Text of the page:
Food trucks that expand your BBQ IQ

By Mika Lee and Cait Lee

Summer is here, and you know what that means: festivals, music and food trucks. Specifically, food trucks serving up some of Utah’s most mouthwatering barbecue. With flavors, seasonings and styles ranging from Jamaica to Hawaii and across the U.S., local food trucks allow you to experiment with new types of ’cue along with enjoying your favorite cuts, sauces and sides.

We’ve pulled together a Fab Four of BBQ food trucks sure to entice your taste buds. To find out when and where these purveyors of sauce and spice will roll into your ’hood or near your place of work, simply check their social media, websites and/or their schedule at

Pitmaster Aaron Quayle

Smokin’ Star BBQ
Pitmaster Aaron Quayle takes great pride in his keto-friendly BBQ that incorporates flavors of several American BBQ styles, including Texas-style brisket, Memphis-style ribs and Carolina pulled pork, some of which are smoked up to 14 hours. This North Carolina native keeps his Eastern-style Carolina sauce on hand and serves it upon request (psst, that means it’s a secret-menu item). The cherry on top? The rotating menu of edible cookie dough.

Pulled brisket sandwich on potato bun with baked beans, mac ’n’ cheese and housemade peppermint-cocoa cookie dough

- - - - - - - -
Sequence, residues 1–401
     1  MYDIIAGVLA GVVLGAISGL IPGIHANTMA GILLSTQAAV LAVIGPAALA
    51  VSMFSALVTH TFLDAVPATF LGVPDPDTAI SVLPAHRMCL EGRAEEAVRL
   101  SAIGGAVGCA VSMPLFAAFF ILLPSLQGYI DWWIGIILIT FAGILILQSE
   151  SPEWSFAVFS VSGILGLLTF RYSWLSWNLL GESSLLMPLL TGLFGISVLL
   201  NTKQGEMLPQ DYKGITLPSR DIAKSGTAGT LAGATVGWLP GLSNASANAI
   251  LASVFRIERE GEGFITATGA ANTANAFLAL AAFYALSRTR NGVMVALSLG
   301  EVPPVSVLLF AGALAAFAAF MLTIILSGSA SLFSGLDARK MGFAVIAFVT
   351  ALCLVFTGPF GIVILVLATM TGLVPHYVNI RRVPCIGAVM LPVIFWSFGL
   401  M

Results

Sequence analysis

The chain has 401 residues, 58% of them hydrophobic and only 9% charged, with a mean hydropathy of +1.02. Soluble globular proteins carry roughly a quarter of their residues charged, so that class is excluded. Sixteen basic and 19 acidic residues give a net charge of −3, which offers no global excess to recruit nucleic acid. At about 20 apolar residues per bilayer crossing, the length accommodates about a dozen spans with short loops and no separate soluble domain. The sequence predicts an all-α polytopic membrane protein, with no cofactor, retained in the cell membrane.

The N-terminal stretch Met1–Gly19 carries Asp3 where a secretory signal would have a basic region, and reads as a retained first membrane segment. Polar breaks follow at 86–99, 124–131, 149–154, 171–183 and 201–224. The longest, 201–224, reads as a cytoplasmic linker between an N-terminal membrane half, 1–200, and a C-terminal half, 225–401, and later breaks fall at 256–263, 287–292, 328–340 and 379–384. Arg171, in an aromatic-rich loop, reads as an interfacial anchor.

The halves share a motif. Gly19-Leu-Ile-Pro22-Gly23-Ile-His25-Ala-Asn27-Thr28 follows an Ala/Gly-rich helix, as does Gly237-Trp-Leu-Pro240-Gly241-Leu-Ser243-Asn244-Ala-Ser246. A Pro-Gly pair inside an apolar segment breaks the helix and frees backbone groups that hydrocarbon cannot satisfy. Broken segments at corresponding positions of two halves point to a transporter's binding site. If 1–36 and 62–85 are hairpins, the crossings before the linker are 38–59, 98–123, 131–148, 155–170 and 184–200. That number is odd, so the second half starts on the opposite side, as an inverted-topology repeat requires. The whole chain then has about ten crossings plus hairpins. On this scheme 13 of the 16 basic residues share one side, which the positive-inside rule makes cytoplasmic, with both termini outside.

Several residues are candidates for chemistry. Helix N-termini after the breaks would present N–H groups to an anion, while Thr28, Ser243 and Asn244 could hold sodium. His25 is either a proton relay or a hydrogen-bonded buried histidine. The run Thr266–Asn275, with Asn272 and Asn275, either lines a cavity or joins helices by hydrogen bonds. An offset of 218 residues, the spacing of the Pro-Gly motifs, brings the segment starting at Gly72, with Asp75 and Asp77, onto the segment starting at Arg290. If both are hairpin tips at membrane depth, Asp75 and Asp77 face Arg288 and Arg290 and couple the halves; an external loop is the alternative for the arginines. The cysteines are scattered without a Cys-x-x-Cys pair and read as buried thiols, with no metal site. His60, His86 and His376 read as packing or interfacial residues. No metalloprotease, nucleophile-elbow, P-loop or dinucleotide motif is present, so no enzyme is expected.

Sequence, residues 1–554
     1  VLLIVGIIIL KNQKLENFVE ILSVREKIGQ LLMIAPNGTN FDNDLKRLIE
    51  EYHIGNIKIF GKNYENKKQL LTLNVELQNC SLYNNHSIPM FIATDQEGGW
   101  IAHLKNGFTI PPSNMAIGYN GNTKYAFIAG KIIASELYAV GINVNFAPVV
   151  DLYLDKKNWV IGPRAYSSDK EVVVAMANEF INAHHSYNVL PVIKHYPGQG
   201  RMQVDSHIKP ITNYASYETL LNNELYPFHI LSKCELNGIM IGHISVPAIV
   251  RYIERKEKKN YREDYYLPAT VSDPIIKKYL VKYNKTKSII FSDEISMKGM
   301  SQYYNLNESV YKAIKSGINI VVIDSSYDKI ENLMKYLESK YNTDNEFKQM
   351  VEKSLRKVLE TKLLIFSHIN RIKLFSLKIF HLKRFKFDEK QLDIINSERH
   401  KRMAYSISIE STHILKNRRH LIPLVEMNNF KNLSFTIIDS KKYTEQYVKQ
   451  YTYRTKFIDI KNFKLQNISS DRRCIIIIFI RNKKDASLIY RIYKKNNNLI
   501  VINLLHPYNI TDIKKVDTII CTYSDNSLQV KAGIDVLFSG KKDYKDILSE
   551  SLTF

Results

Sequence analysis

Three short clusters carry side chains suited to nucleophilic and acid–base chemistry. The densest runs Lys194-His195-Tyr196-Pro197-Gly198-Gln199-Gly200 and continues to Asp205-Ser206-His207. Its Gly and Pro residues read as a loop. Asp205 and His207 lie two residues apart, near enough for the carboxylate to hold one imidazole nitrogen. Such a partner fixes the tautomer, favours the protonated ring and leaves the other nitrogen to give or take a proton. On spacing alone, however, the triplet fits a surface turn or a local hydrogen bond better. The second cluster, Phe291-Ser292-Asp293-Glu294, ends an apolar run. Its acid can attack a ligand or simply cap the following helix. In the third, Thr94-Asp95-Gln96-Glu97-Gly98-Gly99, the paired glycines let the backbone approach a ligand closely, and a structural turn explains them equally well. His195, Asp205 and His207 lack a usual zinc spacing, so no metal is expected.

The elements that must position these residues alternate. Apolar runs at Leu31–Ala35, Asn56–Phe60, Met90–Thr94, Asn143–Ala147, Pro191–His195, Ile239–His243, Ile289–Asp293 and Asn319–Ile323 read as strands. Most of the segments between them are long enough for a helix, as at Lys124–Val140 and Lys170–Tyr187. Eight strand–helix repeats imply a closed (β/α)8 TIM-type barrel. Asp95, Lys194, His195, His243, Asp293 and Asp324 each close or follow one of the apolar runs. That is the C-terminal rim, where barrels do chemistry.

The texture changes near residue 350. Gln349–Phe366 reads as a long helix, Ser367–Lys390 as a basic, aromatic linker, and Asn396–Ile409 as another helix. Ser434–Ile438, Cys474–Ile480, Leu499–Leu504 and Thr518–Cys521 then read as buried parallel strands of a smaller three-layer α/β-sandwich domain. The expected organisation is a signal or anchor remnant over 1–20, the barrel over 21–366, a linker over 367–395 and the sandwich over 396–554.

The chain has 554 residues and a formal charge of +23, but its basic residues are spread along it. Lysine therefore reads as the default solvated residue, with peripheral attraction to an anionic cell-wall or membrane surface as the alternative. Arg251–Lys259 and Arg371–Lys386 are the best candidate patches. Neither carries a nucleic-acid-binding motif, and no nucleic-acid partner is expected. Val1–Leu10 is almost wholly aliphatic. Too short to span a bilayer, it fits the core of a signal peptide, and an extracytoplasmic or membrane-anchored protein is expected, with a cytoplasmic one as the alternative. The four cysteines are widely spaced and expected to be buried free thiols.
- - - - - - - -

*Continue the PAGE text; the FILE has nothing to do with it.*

Salty Pineapple’s Shantel Longfellow serves up traditional Hawaiian dishes “with a spin.”

The Salty Pineapple
Daysha Filipe and Shantel Longfellow’s traditional Hawaiian fare recently garnered a $10,000 tip in the tip jar on the Food Network’s Big Food Truck Tip. What started as a Pacific Islander family recipe, Pop’s sweet garlic chicken plate, is now a local favorite. Pineapple coleslaw and pineapple jalapeño BBQ sauce atop kalua pig are other unique menu items. Look for new desserts this summer. Savor the aloha spirit!

Jamaica’s Kitchen’s Donovan Thompson

Jamaica’s Kitchen
Bringing the good vibes with good food is what owner and Jamaican native Donovan Thompson does best. His is Utah’s first Jamaican food truck, serving up mouthwatering jerk chicken, tender oxtail stew and savory goat curry. The secret of his success? His grandma’s sweet-and-spicy jerk sauce that only he has the recipe for. Some menu items require up to a week of preparation and use imported spices, so expect authentic flavors not found elsewhere in town. Gluten free and vegetarian options are also available.

Jamaican jerk chicken with a side of red beans and rice, coleslaw and fried plantain


Rob and Cassandra Pierce at Smokin’ Roadside Grill

Smokin’ Roadside Grill
Rob and Cassandra Pierce are the dynamic duo turning their test kitchen dreams into a roadside reality. Originally from the food-truck capital of Portland, Ore.—now based in Provo—their unique Northwest Style of barbecue is catching fire along the Wasatch Front. “If it needs sauce, I didn’t cook it right,” says Chef Rob. His dry-rub brisket, pork and chicken require up to 20 hours of preparation, giving their brisket a leaner but juicy texture. The loaded mac ’n’ cheese was our favorite pick and an item that can be added on to your next catered event. Next stop? A restaurant for loyal fans.

Dry-rub brisket sandwich with tri-colored baked beans and coleslaw


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